Jesse is silent. Paul asks what is happening in him then — he says static. Then he says he bets she is at church because she loves church and he used to go with her every Sunday when he was little. She stopped going after Jesse came out — he says because she was too ashamed. Paul asks if it might be that she was no longer willing to support a church that won’t include her son. He says no. Jesse cannot take in the possibility that Marissa looks and sighs at the church because she misses it so he imagines she went there and wants to get back in.
Paul asks if he has heard more from Karen and has he thought about calling her back. Jesse says that is all he ever thinks about and he leaves.
Jesse managed to ambush Marissa this week despite Paul’s efforts. I am puzzled that he didn’t insist on talking with Jesse before they invited Marissa in to the session rather than letting Jesse set it up as he did.
It is very clear that Jesse is defining himself as someone no one wants or cares about and thus blinds himself to any efforts by Marissa especially to show him care or concern. Striking out at her as he does is not all that unusual with teenagers, who desperately want that care at the same time they are trying to be independent and pull away. Under the best of circumstances this can be very trying for parents and teens. With Jesse this is compounded by his sexuality and the inability of his parents to talk about this with him. So Jesse is able to decide that they hold the same condemnatory attitudes toward him that the Church does and perhaps that on some level Jesse himself holds. So he cannot see anything that Marissa or Roberto do as indicating that they love him.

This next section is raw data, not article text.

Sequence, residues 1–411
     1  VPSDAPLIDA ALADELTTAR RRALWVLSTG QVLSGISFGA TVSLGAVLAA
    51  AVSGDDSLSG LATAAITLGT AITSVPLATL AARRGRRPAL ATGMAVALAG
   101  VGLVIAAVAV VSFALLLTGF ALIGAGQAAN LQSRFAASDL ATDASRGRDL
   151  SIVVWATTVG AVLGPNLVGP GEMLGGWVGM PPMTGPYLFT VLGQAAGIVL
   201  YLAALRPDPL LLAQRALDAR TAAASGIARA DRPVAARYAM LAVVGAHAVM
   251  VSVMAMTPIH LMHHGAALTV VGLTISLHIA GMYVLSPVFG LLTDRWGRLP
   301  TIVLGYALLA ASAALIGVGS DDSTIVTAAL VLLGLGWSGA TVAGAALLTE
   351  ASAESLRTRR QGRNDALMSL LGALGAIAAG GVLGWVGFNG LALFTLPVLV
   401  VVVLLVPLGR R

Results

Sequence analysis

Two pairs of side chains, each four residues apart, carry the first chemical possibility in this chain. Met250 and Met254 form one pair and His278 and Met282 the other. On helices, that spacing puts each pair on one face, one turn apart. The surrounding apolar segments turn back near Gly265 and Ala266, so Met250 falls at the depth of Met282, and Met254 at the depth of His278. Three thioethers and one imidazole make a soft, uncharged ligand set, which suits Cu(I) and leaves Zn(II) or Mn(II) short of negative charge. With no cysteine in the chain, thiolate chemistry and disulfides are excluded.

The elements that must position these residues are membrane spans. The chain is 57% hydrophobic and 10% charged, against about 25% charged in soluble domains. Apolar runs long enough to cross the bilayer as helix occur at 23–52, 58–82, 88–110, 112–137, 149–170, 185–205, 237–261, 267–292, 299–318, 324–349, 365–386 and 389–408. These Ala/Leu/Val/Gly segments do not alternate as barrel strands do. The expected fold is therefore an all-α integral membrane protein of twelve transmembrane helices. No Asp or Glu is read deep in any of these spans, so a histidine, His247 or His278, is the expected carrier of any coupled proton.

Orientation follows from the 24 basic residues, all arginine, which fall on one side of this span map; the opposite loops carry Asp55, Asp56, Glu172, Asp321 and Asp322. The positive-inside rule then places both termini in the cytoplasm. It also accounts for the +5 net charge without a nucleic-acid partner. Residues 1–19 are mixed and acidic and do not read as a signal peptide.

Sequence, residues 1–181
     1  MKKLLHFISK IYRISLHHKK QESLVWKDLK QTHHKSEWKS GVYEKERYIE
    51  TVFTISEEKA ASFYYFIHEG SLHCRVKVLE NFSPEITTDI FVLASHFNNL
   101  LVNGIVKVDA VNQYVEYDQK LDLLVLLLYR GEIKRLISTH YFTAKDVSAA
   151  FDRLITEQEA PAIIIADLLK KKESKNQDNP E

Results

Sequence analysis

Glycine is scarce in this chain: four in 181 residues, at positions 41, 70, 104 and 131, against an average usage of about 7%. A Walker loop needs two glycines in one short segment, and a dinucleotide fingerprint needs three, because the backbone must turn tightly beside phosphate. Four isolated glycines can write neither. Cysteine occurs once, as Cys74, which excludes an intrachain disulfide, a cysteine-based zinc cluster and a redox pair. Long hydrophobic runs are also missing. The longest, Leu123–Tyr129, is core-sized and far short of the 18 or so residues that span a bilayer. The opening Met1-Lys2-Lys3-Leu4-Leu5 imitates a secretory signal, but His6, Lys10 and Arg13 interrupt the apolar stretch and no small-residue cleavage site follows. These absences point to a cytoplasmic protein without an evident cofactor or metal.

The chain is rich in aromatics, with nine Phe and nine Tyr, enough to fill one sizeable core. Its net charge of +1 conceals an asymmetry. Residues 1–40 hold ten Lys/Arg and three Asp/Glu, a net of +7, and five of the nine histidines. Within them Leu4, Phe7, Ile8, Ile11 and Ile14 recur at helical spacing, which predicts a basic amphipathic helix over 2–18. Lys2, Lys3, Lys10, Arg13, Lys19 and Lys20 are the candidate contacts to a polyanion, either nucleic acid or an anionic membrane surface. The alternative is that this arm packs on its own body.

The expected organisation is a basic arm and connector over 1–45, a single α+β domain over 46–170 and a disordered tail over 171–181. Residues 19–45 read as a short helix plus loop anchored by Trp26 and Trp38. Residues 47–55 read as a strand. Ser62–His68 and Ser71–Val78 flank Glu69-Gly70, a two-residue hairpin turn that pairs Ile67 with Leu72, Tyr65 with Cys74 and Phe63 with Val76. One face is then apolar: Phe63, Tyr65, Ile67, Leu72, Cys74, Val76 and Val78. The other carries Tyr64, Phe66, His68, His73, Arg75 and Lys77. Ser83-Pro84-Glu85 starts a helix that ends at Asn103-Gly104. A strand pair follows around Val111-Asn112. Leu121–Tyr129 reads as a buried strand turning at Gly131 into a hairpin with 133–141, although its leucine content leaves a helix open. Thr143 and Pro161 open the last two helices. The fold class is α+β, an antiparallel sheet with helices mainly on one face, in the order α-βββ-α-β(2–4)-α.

The knot that he has to find his way through is a knot common for adopted children — what was so bad about me that my mother gave me away? Because so long as it was something bad about the child, there is the possibility that he can find what that is and change it and somehow undo it all, which in its own way is less painful that recognizing that it wasn’t anything he did or about him, but a choice over which he never had or will have any power. It isn’t only adopted children who encounter this. Many of us unconsciously prefer to be bad rather than weak.
I want to think that had Paul started the session with just Jesse things might have gone better, but that may be wishful thinking on my part. He did set a limit on how Jesse could talk to his mother in his office but not before Jesse had managed to find his target in her. Not knowing what Jesse wanted from this and not discussing it with him before inviting Marissa in allowed Jesse to go at Marissa in the way that he did and Paul must carry some responsibility for that.